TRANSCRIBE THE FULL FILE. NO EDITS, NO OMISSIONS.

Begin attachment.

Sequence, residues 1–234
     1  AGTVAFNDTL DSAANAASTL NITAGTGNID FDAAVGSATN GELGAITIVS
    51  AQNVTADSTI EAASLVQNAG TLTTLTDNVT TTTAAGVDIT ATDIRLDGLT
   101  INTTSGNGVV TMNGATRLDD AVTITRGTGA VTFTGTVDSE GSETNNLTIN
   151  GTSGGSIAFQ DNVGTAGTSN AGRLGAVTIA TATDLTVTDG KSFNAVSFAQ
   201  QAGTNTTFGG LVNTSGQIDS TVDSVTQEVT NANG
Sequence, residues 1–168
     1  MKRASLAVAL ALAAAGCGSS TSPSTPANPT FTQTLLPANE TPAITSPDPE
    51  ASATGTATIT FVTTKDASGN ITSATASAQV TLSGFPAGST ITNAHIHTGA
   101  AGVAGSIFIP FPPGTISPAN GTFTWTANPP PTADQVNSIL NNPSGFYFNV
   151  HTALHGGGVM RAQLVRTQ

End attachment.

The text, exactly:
Sequence, residues 1–234
     1  AGTVAFNDTL DSAANAASTL NITAGTGNID FDAAVGSATN GELGAITIVS
    51  AQNVTADSTI EAASLVQNAG TLTTLTDNVT TTTAAGVDIT ATDIRLDGLT
   101  INTTSGNGVV TMNGATRLDD AVTITRGTGA VTFTGTVDSE GSETNNLTIN
   151  GTSGGSIAFQ DNVGTAGTSN AGRLGAVTIA TATDLTVTDG KSFNAVSFAQ
   201  QAGTNTTFGG LVNTSGQIDS TVDSVTQEVT NANG
Sequence, residues 1–168
     1  MKRASLAVAL ALAAAGCGSS TSPSTPANPT FTQTLLPANE TPAITSPDPE
    51  ASATGTATIT FVTTKDASGN ITSATASAQV TLSGFPAGST ITNAHIHTGA
   101  AGVAGSIFIP FPPGTISPAN GTFTWTANPP PTADQVNSIL NNPSGFYFNV
   151  HTALHGGGVM RAQLVRTQ